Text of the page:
Women 2020: How women's actions and expectations are changing the future
Elisa Birtwistle with Erin Bell, Eleanor Cooksey and Louise Kennedy, The Futures Company Trends, Future Perspectives, December 2012
While most analysis of women in the world focuses on how social and economic conditions affect their roles and identities, this paper takes a different approach by exploring how women act as catalysts for fundamental changes shaping everybody’s world.
While most analysis of women in the world focuses on how social and economic conditions affect their roles and identities, this paper takes a different approach by exploring how women act as catalysts for fundamental changes shaping everybody’s world. It argues that understanding women is important, both because they are potential new sources of growth, and because the changes in how women think and act have repercussions for their wider society and, by implication, for popular and consumer culture. It explores four key dimensions in which women's changing circumstances, attitudes and behaviours are effecting change: Decision-making; Workplace & economy; Communication & identity; and Innovation. In doing so, it points to the new opportunities which arise from a world where women are agents of change.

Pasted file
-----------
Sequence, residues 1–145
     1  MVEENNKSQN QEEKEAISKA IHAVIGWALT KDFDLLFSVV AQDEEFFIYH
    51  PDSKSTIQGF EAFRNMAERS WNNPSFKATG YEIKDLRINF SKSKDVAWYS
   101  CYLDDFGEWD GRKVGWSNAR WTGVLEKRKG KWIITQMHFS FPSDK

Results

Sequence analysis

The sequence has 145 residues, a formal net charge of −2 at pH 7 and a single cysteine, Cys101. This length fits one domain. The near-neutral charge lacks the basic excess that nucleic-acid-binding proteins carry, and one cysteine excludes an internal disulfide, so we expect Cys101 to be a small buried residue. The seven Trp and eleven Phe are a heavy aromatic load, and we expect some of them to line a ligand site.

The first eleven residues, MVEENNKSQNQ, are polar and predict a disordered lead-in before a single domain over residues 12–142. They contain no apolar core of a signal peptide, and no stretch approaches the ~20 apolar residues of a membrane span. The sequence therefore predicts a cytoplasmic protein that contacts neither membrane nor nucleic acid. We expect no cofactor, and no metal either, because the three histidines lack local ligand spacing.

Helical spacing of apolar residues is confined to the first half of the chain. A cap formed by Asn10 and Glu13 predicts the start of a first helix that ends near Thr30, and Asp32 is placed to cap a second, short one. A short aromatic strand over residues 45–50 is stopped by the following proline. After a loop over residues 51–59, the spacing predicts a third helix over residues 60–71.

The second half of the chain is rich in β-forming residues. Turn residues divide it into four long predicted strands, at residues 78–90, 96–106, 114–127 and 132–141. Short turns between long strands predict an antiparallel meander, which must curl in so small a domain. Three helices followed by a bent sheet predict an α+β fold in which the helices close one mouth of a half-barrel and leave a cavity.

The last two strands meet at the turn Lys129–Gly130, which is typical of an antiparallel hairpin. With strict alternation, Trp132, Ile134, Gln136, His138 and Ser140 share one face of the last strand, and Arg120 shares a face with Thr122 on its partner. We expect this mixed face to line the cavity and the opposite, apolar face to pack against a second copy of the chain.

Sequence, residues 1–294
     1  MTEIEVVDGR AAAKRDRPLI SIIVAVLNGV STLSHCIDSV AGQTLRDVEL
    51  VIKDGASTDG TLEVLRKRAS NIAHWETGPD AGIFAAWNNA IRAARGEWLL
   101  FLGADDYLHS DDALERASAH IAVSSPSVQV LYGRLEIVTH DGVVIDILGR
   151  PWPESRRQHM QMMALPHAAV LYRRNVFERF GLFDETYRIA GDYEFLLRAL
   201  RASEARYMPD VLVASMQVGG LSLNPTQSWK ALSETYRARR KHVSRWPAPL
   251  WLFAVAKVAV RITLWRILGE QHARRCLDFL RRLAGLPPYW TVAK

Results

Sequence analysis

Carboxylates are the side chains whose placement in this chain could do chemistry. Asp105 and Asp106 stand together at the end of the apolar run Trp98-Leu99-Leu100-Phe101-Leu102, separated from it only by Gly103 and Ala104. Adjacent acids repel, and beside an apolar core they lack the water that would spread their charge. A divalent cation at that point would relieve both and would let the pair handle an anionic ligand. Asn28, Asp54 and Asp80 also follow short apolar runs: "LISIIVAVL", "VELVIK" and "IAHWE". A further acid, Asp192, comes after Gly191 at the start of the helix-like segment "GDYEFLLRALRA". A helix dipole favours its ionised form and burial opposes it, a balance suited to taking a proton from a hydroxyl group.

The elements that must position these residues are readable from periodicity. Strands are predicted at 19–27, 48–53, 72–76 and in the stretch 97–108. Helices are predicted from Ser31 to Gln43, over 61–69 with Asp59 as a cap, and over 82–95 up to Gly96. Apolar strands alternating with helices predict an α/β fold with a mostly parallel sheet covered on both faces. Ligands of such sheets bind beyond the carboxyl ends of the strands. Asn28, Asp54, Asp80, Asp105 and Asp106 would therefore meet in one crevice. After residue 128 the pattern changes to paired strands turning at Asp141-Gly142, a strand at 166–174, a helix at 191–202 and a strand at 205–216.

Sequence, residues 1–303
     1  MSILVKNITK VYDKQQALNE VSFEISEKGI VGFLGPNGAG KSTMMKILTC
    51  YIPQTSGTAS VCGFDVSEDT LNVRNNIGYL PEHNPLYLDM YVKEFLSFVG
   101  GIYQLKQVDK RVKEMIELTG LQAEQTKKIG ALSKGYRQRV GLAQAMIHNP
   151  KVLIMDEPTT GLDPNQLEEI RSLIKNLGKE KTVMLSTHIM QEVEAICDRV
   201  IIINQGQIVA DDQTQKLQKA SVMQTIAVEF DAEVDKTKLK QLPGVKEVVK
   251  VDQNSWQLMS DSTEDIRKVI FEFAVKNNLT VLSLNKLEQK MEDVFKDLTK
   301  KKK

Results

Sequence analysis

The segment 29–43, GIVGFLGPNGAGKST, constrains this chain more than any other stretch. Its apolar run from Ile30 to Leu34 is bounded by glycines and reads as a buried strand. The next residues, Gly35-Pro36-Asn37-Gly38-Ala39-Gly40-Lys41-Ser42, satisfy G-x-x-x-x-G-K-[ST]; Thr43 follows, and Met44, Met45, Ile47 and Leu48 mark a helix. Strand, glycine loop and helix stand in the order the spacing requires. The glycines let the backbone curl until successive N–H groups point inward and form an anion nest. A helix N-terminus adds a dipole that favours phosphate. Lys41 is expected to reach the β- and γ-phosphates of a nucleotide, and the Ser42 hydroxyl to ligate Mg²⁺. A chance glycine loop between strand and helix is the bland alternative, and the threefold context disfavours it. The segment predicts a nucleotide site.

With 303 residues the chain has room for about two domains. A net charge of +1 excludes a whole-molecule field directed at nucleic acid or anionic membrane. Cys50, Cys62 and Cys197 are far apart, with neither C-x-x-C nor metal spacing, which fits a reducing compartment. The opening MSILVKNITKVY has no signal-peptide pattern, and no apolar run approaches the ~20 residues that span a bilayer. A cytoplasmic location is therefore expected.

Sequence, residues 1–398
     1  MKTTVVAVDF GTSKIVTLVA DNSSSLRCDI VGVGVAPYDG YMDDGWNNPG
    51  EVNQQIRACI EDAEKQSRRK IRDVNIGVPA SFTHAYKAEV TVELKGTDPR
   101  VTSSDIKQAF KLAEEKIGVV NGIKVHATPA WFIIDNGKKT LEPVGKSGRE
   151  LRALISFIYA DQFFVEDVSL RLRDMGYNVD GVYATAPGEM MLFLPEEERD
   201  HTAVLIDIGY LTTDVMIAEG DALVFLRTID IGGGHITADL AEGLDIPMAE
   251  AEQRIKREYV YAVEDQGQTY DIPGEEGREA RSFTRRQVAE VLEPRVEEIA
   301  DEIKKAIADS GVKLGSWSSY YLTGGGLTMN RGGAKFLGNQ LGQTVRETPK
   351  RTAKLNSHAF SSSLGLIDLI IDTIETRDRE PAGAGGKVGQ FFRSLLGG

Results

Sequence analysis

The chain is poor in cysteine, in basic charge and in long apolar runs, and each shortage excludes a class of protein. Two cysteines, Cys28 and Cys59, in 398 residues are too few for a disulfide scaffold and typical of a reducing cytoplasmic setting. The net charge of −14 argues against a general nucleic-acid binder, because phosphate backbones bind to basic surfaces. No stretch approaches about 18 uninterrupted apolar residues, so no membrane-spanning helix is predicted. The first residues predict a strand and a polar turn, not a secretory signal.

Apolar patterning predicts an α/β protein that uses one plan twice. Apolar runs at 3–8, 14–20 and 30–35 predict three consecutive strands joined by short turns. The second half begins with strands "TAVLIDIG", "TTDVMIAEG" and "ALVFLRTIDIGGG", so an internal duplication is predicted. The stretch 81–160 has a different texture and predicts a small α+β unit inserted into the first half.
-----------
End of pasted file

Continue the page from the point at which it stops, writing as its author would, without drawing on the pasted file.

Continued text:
Getting to know Wonder Woman: What mobile ethnography can add to how we understand consumers
Chris Jones, ESOMAR, Qualitative, Amsterdam, November 2012